Rocky start: Peru's president survives second impeachment push

Ever since Peru’s President Pedro Castillo took office in July, the former teacher has faced an uphill political battle. While Mr. Castillo survived the latest impeachment attempt, his task now is to restore public trust and mend a fractured Congress. 

Martin Mejia/AP
Peru's President Pedro Castillo (right) is embraced by one of his party´s lawmakers as he leaves Congress in Lima, Peru, March 28, 2022. The 87 votes needed for impeachment were not achieved, meaning Mr. Castillo will remain in power.

Pedro Castillo, Peru’s embattled president, avoided joining the South American nation’s list of impeached leaders as opposition lawmakers Monday night failed to get enough votes to remove him from office eight months into his term.

Mr. Castillo, a political neophyte who shook the country when he defeated the political elite to become president, survived his second impeachment attempt. He characterized the accusations against him as speculation and argued that none could be substantiated.

The votes of at least 87 of the 130 lawmakers were needed to remove the president. Fifty-five voted in favor, 54 against and 19 abstained.

“I salute that common sense, responsibility and democracy prevailed,” Mr. Castillo tweeted after the vote. “I recognize the lawmakers who voted against the vacancy, and I respect the decision of those who did. I call everyone to turn this page and work together for the great challenges of the country.”

The lawmakers seeking to remove Mr. Castillo had noted he is the subject of three preliminary investigations into possible corruption, which under Peruvian law cannot proceed until he is out of office. There is also a separate accusation from a would-be collaborator who alleged he is part of a criminal group that receives money in exchange for public works.

The lawmakers accused Mr. Castillo of “permanent moral incapacity,” a term incorporated into Peruvian constitutional laws that experts say lacks an objective definition and that Congress has used six times since 2017 to try to remove presidents.

“We only found comments without any corroboration, speculation, imaginary links,” Mr. Castillo said of the accusations while reading a speech before lawmakers hours before the vote.

While Mr. Castillo remains in office, the latest move against him will add to Peru’s political turmoil and weaken the president, who won office with just 44,000 more votes than his opponent in a runoff election. He was an underdog when he entered the race last year and initially campaigned on promises to nationalize Peru’s crucial mining industry and rewrite the constitution.

From the start, Mr. Castillo, a rural schoolteacher in a poor Andean district, has been handicapped by his Cabinet choices, a number of whom have been accused of wrongdoing. So has his former private secretary, whose corruption investigation led the prosecutor’s office to find $20,000 in a bathroom of the presidential palace.

“Recent developments have confirmed Peru’s dysfunctionality, regardless of who is in power,” said Claudia Navas, an analyst with the global firm Control Risks. “These events will certainly exacerbate Peruvian’s frustration towards the political system, which represents a risk because they will be willing to support an authoritarian leader as a desperate measure to overcome protracted political instability.”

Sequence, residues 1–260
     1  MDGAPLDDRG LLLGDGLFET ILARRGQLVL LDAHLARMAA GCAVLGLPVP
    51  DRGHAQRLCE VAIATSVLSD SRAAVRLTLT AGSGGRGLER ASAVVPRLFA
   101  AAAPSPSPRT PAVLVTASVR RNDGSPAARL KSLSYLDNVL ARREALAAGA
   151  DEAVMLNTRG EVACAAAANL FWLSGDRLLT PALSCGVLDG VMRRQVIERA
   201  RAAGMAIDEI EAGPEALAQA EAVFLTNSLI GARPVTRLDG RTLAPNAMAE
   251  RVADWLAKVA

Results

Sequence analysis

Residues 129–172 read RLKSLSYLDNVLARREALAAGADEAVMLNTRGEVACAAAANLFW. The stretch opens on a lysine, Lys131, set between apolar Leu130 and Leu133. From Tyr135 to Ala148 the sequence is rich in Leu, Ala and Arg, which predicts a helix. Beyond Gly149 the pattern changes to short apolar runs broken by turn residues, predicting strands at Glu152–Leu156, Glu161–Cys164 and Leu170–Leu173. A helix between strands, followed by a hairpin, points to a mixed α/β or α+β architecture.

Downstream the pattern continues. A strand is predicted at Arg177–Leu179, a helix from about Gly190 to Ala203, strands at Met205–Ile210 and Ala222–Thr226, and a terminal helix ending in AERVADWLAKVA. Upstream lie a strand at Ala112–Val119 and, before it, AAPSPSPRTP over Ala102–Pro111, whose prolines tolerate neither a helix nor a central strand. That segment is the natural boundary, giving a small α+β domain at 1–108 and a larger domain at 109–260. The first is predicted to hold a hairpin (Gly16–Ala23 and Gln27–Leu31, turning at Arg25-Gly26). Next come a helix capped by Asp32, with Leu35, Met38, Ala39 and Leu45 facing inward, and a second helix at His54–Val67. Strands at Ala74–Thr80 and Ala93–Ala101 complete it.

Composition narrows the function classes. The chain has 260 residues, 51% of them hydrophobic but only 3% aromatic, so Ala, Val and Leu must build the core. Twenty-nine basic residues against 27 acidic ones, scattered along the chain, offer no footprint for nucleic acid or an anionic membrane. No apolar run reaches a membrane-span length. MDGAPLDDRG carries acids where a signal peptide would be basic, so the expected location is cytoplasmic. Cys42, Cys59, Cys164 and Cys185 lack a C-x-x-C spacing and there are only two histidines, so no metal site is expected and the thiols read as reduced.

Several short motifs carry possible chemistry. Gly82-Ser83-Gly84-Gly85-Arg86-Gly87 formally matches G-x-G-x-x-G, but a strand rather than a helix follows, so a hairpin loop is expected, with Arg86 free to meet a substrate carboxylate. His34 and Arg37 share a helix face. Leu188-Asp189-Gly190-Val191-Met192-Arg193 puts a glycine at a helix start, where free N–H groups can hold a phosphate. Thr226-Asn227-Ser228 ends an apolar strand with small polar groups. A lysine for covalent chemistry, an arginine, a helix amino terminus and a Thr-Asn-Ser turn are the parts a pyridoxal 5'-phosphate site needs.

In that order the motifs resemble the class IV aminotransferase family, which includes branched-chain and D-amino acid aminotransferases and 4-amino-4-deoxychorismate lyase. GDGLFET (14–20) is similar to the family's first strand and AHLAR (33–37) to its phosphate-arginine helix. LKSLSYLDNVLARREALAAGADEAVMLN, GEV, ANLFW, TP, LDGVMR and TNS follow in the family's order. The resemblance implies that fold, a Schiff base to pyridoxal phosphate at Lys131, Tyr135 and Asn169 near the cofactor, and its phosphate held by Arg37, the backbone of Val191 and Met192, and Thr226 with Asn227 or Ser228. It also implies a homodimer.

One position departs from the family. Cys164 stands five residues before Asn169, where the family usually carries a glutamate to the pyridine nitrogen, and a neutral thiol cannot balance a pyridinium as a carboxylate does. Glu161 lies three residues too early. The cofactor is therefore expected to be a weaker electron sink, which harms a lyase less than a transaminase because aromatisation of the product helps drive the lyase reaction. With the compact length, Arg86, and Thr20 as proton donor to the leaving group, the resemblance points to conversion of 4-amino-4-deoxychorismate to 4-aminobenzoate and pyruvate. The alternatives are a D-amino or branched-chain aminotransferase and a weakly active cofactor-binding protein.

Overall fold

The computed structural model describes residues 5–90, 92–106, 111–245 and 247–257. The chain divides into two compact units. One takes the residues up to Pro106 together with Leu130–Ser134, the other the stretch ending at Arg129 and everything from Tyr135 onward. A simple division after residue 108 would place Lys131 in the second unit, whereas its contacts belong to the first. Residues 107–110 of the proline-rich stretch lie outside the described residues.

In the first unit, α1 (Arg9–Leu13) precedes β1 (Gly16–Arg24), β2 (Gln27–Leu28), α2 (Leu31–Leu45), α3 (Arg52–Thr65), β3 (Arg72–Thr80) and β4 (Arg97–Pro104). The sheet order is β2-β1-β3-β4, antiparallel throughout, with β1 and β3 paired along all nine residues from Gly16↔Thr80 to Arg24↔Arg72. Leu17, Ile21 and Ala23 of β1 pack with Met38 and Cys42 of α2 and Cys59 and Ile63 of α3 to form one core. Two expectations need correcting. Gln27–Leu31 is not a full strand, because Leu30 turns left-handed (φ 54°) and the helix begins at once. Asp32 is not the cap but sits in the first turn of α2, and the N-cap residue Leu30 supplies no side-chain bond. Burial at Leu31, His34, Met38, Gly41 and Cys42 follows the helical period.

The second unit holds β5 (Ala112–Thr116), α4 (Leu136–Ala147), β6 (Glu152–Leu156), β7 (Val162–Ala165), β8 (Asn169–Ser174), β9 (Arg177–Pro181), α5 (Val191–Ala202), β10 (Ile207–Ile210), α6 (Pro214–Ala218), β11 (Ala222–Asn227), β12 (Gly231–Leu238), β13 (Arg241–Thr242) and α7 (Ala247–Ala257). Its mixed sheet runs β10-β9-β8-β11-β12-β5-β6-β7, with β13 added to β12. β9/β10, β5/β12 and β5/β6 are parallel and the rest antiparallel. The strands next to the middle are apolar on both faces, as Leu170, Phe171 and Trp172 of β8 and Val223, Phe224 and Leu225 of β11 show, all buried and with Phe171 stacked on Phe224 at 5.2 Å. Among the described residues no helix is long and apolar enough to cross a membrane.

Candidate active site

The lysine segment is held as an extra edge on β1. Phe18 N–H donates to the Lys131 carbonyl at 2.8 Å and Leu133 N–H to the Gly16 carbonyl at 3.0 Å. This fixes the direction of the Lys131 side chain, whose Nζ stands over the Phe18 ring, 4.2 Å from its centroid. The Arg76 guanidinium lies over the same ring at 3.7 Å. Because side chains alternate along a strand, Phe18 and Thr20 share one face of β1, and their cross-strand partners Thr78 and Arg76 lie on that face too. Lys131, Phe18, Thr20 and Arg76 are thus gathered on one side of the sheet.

The debate in Congress lasted several hours.

Peru’s unicameral Congress is deeply fragmented among 10 political parties and rarely can come to any consensus on passing legislation. Mr. Castillo’s party is the biggest faction, but it has only 37 seats, and opposition members lead key committees.

The government invited three officials from the Organization of American States to witness the debate. Lawmakers allowed them to watch it from a nearby building.

Mr. Castillo succeeded Francisco Sagasti, who was appointed president by Congress in November 2020 as the country cycled through three heads of state in one week amid confrontations that left two people dead and more than 200 injured.

“Vacating presidents has become a sport,” said centrist lawmaker Wilmar Elera, who recalled that President Martín Vizcarra was dismissed by Congress in 2020 for permanent moral incapacity but has not faced any charges since.

Congress and Mr. Castillo are both unpopular in Peru, although the disapproval of legislators is greater. A survey by the Institute of Peruvian Studies published in March by the newspaper “La República” said Congress’ disapproval rate was 79%, while 68% had negative views of Mr. Castillo.

The debate over Mr. Castillo’s future came just as the country awaited the release from prison of former President Alberto Fujimori, who was ordered freed earlier this month in a controversial decision by Peru’s highest court. He was serving a 25-year sentence for his role in more than 20 murders during his administration between 1990 and 2000.

Peru has also been seeing demonstrations across the country in recent days to protest prices for food, fuel, and fertilizer.

Ms. Navas said Mr. Castillo is now likely to try to show any results his administration has achieved in an effort to win support for his administration, but that likely will not affect public opinion.

She said the country is in need of a “comprehensive political reform” that promotes public participation and “strengthens the rules for political parties’ internal consultations to elect their candidates.”

“Measures to ensure the suitability of those holding political power are also required,” Ms. Navas said. “A reform is also needed to introduce clear criteria for Congress to impeach a president on the grounds of ‘moral incapacity.’”

This story was reported by The Associated Press. AP writer Franklin Briceño reported this story in Lima and AP writer Regina Garcia Cano reported from Mexico City.

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